Scientific Software Days 2007

The Texas Advanced Computing Center, the University of Texas Institute for Geophysics, and the University of Texas Bureau of Economic Geology are organizing the 2007 Scientific Software Days, where the scientific community can share experiences of developing software and learn about new developments in general scientific software.


9:00 – 9:15. The computing resources at TACCKarl Schultz

In this presentation, we will briefly introduce the computing resources available at TACC for computational researchers. These resources include a large distributed-memory Linux cluster (Lonestar), an IBM Power5 system (Champion) which supports smaller shared-memory programs, and a Sun E25K system (Maverick) for large scale scientific visualization. Highlights of these systems, along with some select performance indicators will be presented in conjunction with baseline scientific applications that are available.


9:15 – 9:45. The PETSc and SLEPc linear algebra librariesVictor Eijkhout

PETSc, the Portable Extendable Toolkit for Scientific Computations, is a large library of parallel linear algebra operations. This includes high level linear and nonlinear system solvers, but also low level operations that allow a user to code new algorithms. There is a profiling interface, error checking and support for parallel debugging, and a large number of examples. While PETSc focuses mostly on iterative linear solvers, various direct solver packages can easily be interfaced. SLEPc, the Scalable Library for Eigenvalue Problem Computations, is a library written on top of PETSc. It offers the same simple interface to a large number of eigenvalue methods, including those of external packages that can be interfaced to SLEPc. In this presentation I will give a brief overview to the capabilities of these two packages, and give the flavour of how they are used in application codes.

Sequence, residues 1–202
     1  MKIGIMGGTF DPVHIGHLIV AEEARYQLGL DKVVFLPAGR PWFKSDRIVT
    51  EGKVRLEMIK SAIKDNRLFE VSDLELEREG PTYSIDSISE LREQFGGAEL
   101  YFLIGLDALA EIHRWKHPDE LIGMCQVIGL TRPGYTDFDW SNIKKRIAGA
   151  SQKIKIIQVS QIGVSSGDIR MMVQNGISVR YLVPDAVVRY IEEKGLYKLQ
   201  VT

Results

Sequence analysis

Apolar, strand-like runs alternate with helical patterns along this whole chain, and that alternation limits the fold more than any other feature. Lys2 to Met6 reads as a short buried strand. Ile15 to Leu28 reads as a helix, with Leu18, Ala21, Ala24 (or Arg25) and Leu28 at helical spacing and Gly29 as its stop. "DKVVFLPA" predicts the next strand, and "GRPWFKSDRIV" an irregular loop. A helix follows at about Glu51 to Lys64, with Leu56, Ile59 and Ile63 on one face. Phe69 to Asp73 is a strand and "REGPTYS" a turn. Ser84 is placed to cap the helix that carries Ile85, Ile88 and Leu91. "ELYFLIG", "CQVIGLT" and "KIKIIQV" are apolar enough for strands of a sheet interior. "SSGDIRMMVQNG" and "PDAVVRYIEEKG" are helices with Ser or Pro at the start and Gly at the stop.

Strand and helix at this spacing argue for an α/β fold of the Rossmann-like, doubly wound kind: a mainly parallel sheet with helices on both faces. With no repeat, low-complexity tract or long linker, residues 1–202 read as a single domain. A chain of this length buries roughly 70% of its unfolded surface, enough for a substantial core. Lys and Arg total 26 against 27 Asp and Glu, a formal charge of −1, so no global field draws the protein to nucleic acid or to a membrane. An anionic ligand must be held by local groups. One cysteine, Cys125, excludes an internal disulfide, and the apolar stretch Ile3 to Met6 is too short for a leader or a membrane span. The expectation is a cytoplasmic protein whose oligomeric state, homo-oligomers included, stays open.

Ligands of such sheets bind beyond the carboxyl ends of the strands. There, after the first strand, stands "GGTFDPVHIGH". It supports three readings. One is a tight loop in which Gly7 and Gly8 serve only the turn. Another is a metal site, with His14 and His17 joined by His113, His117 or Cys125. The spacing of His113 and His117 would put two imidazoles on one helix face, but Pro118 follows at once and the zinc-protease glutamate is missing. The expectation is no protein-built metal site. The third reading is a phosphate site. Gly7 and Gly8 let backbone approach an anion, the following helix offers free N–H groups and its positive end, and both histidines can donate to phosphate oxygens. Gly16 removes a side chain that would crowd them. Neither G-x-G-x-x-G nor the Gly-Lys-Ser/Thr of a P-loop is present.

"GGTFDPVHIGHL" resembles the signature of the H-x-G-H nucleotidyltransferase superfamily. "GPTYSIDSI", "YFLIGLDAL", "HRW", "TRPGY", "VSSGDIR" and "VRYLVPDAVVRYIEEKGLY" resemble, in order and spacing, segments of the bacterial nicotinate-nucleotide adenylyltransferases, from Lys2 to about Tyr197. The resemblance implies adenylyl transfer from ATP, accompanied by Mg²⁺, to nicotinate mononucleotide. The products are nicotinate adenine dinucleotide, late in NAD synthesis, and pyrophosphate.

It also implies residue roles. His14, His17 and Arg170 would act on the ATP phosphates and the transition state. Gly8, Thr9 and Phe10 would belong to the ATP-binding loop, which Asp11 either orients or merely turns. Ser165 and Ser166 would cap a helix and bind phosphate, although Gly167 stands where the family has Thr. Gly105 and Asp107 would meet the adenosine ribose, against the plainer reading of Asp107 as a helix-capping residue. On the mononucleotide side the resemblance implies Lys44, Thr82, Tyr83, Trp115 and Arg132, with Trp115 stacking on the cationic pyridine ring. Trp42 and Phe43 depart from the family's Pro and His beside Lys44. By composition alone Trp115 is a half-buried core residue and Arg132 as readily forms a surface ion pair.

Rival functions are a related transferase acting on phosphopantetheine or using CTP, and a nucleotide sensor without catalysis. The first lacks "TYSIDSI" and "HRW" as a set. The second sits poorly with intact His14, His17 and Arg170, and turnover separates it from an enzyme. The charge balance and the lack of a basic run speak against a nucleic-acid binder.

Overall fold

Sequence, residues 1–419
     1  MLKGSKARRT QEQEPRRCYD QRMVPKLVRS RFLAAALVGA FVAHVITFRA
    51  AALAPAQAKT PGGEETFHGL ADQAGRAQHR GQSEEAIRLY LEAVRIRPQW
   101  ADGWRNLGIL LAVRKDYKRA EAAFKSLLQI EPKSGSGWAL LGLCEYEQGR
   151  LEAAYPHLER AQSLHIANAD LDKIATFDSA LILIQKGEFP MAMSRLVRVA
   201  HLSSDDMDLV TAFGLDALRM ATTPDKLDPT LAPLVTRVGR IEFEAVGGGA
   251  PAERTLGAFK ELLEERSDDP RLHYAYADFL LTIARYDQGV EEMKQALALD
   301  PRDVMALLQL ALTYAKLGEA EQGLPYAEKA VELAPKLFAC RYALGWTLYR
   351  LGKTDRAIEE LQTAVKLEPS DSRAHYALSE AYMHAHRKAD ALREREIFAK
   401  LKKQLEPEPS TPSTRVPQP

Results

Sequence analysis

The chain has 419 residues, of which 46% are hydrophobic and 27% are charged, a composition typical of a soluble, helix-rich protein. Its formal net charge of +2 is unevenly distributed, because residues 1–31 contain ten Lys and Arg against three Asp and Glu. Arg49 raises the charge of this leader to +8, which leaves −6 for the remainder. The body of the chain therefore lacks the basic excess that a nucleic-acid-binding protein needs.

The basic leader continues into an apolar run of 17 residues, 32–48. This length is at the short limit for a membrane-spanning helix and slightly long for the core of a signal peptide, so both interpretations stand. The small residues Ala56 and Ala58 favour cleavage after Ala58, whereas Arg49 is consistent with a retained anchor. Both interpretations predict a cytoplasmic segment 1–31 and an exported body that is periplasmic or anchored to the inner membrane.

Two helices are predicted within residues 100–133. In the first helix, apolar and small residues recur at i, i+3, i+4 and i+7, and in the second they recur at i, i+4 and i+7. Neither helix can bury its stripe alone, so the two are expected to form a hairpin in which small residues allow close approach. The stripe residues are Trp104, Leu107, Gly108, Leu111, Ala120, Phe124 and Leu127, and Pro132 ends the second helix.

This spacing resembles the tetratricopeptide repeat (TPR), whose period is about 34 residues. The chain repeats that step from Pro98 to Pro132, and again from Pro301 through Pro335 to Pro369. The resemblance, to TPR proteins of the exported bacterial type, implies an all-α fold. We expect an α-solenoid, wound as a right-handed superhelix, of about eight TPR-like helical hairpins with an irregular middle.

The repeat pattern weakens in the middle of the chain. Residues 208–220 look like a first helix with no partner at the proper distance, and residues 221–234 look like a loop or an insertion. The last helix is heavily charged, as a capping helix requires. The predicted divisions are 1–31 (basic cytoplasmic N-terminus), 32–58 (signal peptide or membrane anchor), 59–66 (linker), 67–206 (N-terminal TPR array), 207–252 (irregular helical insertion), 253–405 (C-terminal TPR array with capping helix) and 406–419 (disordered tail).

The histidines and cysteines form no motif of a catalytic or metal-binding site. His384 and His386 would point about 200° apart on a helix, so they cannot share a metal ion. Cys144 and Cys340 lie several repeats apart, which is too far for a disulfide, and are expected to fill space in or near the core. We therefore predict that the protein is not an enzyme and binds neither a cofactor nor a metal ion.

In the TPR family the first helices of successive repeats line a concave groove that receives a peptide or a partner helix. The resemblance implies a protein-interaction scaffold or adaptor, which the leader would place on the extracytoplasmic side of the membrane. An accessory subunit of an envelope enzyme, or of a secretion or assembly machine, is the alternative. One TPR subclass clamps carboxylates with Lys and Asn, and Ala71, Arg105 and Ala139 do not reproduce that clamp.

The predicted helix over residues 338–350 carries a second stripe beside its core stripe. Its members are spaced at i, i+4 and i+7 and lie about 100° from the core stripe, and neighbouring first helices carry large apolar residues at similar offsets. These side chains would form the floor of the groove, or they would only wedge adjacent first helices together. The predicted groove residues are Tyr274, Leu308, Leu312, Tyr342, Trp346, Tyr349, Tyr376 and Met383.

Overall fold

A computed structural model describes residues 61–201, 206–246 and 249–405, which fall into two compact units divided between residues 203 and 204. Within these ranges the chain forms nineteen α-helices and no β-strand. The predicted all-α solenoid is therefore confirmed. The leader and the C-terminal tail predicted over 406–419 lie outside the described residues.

9:45 – 10:15. LabVIEW as a platform for scientific computingJim Nagle (National Instruments)

LabVIEW is well known for Data acquisition and Instrument Control, but has been less commonly applied to scientific computing problems. LabVIEW includes libraries that cover many different areas of signal processing and mathematics, and supports several different ”models” of computation, including math script, simulation, state charts, and object oriented programming in addition to LabVIEW’s dataflow language. This talk will cover LabVIEW’s library support and demonstrate the use of math script and dataflow together to solve problems involving nonlinear regression and differential equations.


10:15 – 10:30. coffeebreak